Jean-Luc DECOUT,   
A short chemically modified dsRNA-binding PNA (dbPNA) inhibits influenza viral replication by targeting viral RNA panhandle structure  
[Full paper ]
J. Kesy, K. M. Patil, S. R. Kumar, Z. Shu, H. Y. Yong, L. Zimmermann, A. A. Lerk Ong, D.-F. Kaixin Toh, M. S. Krishna, L. Yang, J.-L. Decout, D. Luo, M. Prabakaran, G. Chen, E. Kierzek
Bioconjugate Chem. 2019, 30, 931–943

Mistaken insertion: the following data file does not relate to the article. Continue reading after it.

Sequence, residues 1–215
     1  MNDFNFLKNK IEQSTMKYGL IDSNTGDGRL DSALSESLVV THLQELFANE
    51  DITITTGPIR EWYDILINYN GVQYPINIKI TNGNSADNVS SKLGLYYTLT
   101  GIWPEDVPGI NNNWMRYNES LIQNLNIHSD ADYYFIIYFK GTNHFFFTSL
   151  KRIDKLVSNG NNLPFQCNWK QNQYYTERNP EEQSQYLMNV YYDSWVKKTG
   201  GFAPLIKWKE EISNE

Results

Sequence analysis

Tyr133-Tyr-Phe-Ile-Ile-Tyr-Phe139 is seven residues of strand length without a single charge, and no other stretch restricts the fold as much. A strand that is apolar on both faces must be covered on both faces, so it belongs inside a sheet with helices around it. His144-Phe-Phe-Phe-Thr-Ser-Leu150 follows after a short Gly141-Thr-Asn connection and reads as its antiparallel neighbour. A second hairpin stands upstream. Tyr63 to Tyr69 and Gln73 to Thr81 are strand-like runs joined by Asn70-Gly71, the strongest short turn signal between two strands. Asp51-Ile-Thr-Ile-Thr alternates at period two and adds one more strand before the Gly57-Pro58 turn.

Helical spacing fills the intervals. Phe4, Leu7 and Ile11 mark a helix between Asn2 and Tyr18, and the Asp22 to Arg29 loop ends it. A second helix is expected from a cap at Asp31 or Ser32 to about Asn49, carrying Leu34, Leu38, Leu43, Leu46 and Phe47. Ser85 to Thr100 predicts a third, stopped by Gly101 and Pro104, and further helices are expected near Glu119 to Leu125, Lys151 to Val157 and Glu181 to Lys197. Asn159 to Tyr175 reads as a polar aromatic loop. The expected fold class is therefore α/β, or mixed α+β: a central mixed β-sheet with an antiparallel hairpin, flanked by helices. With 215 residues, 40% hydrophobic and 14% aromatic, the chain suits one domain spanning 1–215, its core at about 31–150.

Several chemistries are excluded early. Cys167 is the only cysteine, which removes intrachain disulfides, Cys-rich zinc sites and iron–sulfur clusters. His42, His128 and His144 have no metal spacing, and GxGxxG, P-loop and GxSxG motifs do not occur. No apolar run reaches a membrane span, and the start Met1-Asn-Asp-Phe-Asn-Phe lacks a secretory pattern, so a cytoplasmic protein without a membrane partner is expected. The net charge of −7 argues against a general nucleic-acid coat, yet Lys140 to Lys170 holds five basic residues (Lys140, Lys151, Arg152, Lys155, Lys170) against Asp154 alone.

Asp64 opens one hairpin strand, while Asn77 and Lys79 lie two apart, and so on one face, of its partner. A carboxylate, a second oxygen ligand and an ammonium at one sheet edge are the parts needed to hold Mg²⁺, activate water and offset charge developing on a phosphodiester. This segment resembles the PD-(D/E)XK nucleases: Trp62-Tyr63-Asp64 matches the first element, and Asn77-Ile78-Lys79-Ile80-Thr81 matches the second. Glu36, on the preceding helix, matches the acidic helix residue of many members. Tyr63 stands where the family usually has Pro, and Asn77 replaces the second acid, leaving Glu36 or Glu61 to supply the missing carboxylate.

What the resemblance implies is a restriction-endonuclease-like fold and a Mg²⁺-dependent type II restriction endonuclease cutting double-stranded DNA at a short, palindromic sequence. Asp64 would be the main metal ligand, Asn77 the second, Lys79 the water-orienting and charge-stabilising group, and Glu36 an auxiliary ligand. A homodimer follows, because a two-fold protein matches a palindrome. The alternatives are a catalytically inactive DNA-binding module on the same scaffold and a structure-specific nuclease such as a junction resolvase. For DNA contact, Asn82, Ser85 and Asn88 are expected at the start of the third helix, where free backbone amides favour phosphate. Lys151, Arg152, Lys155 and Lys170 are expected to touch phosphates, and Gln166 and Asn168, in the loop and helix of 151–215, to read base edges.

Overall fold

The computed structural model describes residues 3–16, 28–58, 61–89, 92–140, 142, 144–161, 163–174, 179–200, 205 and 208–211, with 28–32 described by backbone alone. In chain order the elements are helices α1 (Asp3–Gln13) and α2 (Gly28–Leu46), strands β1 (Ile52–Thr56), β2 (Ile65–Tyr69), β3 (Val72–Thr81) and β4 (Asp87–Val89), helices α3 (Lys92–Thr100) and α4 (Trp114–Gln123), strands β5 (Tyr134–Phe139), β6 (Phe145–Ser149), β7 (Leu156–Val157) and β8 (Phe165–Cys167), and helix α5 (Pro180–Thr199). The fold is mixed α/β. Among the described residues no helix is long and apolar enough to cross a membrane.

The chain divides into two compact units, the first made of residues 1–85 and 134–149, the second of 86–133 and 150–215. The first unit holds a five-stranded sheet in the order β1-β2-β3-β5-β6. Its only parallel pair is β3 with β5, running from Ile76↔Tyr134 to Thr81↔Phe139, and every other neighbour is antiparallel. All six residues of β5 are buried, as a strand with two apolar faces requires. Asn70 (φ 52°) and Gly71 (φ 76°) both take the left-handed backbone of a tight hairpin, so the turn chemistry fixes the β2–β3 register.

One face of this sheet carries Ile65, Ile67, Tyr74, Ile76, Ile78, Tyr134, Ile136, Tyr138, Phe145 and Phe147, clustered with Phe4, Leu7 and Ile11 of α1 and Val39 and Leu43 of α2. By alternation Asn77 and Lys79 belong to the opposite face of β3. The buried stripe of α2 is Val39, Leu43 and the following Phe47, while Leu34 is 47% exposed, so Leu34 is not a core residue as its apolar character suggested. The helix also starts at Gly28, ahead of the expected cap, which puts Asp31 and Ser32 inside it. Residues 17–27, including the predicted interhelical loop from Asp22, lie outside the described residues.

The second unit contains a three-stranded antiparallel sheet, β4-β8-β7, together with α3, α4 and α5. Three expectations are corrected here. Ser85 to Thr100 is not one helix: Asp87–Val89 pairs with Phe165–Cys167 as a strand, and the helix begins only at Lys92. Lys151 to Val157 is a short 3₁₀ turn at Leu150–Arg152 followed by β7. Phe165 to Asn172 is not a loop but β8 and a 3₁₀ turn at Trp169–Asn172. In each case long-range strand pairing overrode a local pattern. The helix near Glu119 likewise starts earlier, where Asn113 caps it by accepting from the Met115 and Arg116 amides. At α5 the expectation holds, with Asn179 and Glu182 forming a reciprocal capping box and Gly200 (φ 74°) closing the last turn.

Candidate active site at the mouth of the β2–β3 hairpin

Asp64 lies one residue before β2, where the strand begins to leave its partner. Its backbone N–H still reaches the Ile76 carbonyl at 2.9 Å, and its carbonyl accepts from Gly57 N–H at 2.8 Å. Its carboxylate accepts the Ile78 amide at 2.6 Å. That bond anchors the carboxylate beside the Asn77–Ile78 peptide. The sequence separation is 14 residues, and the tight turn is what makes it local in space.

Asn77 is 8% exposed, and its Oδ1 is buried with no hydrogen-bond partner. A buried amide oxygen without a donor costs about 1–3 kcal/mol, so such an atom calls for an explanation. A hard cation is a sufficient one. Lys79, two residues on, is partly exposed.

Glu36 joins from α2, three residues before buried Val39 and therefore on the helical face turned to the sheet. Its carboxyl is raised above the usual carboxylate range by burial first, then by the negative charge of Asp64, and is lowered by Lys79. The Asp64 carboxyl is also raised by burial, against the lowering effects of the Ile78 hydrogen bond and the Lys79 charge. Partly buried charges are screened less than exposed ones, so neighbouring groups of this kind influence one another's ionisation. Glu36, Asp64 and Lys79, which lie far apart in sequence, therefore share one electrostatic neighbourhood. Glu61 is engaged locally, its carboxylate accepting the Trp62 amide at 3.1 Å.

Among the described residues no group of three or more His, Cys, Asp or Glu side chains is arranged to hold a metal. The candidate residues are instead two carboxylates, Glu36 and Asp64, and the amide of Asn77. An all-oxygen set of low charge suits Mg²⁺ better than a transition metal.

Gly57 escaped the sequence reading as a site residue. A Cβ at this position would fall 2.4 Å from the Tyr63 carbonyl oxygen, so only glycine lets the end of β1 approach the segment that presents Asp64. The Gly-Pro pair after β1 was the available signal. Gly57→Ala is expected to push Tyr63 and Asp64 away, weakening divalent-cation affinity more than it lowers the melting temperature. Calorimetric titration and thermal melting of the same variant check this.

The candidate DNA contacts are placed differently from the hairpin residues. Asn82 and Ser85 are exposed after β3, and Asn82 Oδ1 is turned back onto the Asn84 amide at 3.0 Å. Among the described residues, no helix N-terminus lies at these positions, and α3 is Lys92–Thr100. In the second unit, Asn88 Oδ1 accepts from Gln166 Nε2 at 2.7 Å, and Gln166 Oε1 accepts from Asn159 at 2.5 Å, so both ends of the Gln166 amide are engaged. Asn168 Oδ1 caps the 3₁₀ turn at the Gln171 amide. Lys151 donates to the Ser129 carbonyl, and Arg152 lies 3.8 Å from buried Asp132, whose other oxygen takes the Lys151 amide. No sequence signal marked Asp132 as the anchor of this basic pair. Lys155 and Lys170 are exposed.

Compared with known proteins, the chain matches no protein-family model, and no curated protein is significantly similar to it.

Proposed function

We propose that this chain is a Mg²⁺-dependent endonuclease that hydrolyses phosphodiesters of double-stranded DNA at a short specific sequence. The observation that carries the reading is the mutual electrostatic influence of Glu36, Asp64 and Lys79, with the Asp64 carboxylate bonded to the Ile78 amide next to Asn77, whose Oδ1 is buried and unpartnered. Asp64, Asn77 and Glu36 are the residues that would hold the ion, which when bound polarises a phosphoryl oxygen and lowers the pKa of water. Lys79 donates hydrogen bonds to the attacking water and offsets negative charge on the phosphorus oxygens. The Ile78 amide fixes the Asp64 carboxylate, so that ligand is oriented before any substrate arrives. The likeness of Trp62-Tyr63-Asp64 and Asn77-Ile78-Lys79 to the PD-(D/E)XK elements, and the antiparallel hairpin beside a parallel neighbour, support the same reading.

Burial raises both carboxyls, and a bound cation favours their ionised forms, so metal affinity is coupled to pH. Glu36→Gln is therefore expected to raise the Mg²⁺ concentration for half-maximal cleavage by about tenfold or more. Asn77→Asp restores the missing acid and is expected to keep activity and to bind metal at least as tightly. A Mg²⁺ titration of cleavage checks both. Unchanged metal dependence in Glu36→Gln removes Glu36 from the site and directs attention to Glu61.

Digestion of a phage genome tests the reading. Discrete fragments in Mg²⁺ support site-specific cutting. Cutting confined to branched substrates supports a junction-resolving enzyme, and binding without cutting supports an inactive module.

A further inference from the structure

RNAs play critical roles in diverse catalytic and regulatory biological processes and are emerging as important disease biomarkers and therapeutic targets. Thus, developing chemical compounds for targeting any desired RNA structures has great potential in biomedical applications. The viral and cellular RNA sequence and structure databases lay the groundwork for developing RNA-binding chemical ligands through the recognition of both RNA sequence and RNA structure. Influenza A virion consists of eight segments of negative-strand viral RNA (vRNA), all of which contain a highly conserved panhandle duplex structure formed between the first 13 nucleotides at the 5′ end and the last 12 nucleotides at the 3′ end. Here, we report our binding and cell culture anti-influenza assays of a short 10-mer chemically modified double-stranded RNA (dsRNA)-binding peptide nucleic acid (PNA) designed to bind to the panhandle duplex structure through novel major-groove PNA·RNA2 triplex formation. We demonstrated that incorporation of chemically modified PNA residues thio-pseudoisocytosine (L) and guanidine-modified 5-methyl cytosine (Q) previously developed by us facilitates the sequence-specific recognition of Watson–Crick G-C and C-G pairs, respectively, at physiologically relevant conditions. Significantly, the chemically modified dsRNA-binding PNA (dbPNA) shows selective binding to the dsRNA region in panhandle structure over a single-stranded RNA (ssRNA) and a dsDNA containing the same sequence. The panhandle structure is not accessible to traditional antisense DNA or RNA with a similar length. Conjugation of the dbPNA with an aminosugar neamine enhances the cellular uptake. We observed that 2–5 μM dbPNA–neamine conjugate results in a significant reduction of viral replication. In addition, the 10-mer dbPNA inhibits innate immune receptor RIG-I binding to panhandle structure and thus RIG-I ATPase activity. These findings would provide the foundation for developing novel dbPNAs for the detection of influenza viral RNAs and therapeutics with optimal antiviral and immunomodulatory activities.